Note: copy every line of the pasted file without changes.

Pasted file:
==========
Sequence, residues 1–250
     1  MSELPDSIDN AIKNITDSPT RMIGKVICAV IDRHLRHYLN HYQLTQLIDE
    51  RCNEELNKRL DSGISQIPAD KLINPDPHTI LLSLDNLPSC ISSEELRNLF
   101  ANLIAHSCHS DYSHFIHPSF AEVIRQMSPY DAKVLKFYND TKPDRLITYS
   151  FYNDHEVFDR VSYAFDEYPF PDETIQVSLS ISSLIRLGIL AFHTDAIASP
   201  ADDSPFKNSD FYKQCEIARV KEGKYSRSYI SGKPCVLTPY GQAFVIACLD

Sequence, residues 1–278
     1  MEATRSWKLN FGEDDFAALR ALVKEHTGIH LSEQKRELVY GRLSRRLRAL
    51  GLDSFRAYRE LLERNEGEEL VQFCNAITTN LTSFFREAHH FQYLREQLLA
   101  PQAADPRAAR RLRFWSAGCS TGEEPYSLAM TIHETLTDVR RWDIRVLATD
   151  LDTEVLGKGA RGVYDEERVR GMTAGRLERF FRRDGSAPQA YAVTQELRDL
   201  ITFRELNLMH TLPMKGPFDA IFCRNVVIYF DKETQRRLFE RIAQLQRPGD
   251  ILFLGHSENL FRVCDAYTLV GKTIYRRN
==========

Sequence, residues 1–250
     1  MSELPDSIDN AIKNITDSPT RMIGKVICAV IDRHLRHYLN HYQLTQLIDE
    51  RCNEELNKRL DSGISQIPAD KLINPDPHTI LLSLDNLPSC ISSEELRNLF
   101  ANLIAHSCHS DYSHFIHPSF AEVIRQMSPY DAKVLKFYND TKPDRLITYS
   151  FYNDHEVFDR VSYAFDEYPF PDETIQVSLS ISSLIRLGIL AFHTDAIASP
   201  ADDSPFKNSD FYKQCEIARV KEGKYSRSYI SGKPCVLTPY GQAFVIACLD

Sequence, residues 1–278
     1  MEATRSWKLN FGEDDFAALR ALVKEHTGIH LSEQKRELVY GRLSRRLRAL
    51  GLDSFRAYRE LLERNEGEEL VQFCNAITTN LTSFFREAHH FQYLREQLLA
   101  PQAADPRAAR RLRFWSAGCS TGEEPYSLAM TIHETLTDVR RWDIRVLATD
   151  LDTEVLGKGA RGVYDEERVR GMTAGRLERF FRRDGSAPQA YAVTQELRDL
   201  ITFRELNLMH TLPMKGPFDA IFCRNVVIYF DKETQRRLFE RIAQLQRPGD
   251  ILFLGHSENL FRVCDAYTLV GKTIYRRN